So much creativity used to be stifled by the publishing industry. Now, with self published book sales overtaking the more traditional forms, the publishing industry is being dragged kicking and screaming into a new world order for the 21st century. Sara Bain, this week's guest poster, discusses the implications for us all. When facts are freely available on the internet, informed opinion is priceless.
Facts are Free, Opinion is Priceless
by Sara Bain
With the likes of Amazon re-defining the concept of publishing and turning the industry on its head, more and more new authors are springing from the slush piles of traditional publishing houses to boldly go to e-book and print – a new frontier where quality is argued to be the victim of quantity.
The coming of the digital age brought many changes to many different business models. Some embraced those changes and survived, while others have come on board too late and are desperately trying to find ways to catch that proverbial boat sailing away without them.
The invention of the digital photograph didn’t kill the photography industry, it just altered it. Camera and lens manufacturers have benefited from the change and turned everyone into a happy snapper to the detriment of professional photographers. Print companies have learned to change the ways in which photographs are presented and make their profits by producing photo books, posters and fancy art boards.
The newspaper industry has been hit hard by digital technology with many long established titles folding while circulation figures are making the shape of a depressing downward spiral. More people than ever, however, are reading the news. They are just not buying newspapers when they can find the same or similar information for free on their computers, tablets and mobile phones.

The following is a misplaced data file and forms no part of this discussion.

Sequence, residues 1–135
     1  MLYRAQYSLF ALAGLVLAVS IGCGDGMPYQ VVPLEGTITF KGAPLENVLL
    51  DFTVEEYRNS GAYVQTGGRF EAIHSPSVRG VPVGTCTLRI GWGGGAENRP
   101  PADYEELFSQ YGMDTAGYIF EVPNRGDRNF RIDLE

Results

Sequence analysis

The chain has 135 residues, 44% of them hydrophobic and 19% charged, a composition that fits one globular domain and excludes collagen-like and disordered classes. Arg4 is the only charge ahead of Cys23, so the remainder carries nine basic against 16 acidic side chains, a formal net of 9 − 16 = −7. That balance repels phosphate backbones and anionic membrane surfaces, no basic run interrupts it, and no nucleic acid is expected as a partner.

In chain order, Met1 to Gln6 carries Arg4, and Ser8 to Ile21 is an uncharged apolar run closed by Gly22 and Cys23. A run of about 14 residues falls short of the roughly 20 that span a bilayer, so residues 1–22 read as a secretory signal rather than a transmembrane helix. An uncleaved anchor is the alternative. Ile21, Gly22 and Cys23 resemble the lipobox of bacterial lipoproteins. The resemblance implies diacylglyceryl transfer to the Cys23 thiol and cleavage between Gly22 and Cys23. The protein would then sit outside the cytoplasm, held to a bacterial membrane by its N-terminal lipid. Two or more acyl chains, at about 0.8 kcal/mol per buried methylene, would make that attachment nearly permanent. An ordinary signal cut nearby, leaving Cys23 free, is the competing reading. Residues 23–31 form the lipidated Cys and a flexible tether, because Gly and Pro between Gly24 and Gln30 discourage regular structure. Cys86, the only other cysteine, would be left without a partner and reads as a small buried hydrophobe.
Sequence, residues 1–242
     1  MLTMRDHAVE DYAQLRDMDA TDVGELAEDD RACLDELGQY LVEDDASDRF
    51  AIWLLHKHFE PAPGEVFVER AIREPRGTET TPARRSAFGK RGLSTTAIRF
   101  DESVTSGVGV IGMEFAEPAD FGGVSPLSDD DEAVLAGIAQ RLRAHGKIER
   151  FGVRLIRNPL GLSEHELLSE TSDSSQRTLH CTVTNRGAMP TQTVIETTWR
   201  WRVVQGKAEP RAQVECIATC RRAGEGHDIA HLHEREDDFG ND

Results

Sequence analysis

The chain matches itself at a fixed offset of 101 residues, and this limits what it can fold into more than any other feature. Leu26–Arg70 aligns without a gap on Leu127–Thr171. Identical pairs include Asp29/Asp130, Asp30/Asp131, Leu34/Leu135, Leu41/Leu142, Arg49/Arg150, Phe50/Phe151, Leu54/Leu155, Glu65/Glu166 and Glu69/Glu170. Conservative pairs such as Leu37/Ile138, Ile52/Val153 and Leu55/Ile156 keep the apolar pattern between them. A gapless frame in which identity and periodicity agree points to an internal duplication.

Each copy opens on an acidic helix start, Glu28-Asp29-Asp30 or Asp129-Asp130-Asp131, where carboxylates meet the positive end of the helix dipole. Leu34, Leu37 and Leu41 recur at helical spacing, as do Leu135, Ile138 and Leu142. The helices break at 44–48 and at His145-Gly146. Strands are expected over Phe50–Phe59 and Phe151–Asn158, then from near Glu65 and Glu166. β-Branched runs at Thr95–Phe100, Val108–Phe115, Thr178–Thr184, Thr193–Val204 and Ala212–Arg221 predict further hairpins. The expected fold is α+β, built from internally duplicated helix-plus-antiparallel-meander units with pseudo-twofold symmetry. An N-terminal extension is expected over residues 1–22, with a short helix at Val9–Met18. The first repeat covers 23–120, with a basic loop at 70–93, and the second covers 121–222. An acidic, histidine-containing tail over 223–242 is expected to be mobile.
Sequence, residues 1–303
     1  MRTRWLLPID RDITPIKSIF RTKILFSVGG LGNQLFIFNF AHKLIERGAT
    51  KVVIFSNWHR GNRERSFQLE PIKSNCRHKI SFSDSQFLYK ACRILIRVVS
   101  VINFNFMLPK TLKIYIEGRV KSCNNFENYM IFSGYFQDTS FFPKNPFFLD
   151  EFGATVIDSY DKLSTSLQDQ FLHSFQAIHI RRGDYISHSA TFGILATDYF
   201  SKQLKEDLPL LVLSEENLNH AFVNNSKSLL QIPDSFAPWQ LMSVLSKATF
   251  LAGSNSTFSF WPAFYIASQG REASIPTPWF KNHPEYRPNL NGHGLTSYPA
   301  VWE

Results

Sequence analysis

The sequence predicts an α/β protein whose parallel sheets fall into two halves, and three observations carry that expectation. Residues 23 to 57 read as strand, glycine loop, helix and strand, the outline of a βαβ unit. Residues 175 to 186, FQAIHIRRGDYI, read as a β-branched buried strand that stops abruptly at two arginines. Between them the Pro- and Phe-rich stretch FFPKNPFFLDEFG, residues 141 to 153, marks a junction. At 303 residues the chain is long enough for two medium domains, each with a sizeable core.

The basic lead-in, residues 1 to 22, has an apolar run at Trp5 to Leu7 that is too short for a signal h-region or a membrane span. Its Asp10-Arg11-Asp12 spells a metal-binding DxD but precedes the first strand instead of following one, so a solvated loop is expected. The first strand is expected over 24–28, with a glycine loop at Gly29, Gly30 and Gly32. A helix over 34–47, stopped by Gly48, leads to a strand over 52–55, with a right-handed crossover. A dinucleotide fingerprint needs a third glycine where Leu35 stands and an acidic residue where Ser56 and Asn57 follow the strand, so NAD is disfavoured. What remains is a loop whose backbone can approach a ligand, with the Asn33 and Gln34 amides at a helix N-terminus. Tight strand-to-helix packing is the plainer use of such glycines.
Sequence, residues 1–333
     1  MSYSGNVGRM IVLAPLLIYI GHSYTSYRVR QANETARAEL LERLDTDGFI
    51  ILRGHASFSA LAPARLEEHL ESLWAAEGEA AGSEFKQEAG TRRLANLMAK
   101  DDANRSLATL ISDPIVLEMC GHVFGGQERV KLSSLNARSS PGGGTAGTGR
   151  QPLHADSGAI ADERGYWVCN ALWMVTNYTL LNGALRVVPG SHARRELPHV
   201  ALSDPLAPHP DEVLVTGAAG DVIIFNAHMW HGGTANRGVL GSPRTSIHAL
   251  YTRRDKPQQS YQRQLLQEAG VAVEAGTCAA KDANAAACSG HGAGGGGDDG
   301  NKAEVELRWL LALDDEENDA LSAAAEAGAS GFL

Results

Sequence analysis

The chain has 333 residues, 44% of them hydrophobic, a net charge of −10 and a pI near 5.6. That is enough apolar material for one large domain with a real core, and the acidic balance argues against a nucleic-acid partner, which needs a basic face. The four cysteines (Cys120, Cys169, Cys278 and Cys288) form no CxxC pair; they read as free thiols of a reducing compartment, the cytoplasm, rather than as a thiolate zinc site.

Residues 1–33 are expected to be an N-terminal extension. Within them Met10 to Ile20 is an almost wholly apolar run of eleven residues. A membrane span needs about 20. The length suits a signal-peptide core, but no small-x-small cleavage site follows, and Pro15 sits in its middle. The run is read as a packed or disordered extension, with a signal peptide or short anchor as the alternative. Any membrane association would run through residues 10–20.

There is a similar pattern emerging in the publishing industry. E-book sales on Kindle have overtaken that of printed copies and now everyone and anyone can be a published author, much to the detriment of the established publishing houses and literary agents.
There has been a lot of recent hysterical debate over whether the absence of a quality watchdog undermines the value of the publishing industry. Many traditional houses as well as published authors, of course, believe that the quantity of poorly edited, badly written, inadequately produced books that are flooding the markets on a daily basis are somehow damaging the integrity of a business that has told readers what they should read for eons.
For a new author, there is a virtual slush pile emerging that has already reached mountainous heights and continues to climb. In August, there were 6,000 new books produced on Smashwords alone. The number on Kindle would be considerably higher. Out of this vast wash of titles, most would never have seen the light of day had their authors gone down the traditional publishing route, for most would have been rejected: many by way of rude silence owing to the prohibitive costs of postage and time on limited manpower.
The coming of the digital era has caused a shift in the dynamics between author and publisher relationships. It is readers who are making all the decisions on what they would like to read rather than be told what they should. This has come as a shock to an industry which has played Pied Piper for centuries and now publishers are stalking Amazon to see which self-published author is selling well and offering them deals: like the mountain landing on Mohammed’s lap.
Quantity has not killed quality, it has just provided a new-found freedom of choice to readers and now every author can have a shot at glory: proving irrefutably that public opinion is dictating market trends. That’s priceless.
Sara Bain's debut novel, The Sleeping Warror, is available from Amazon now.
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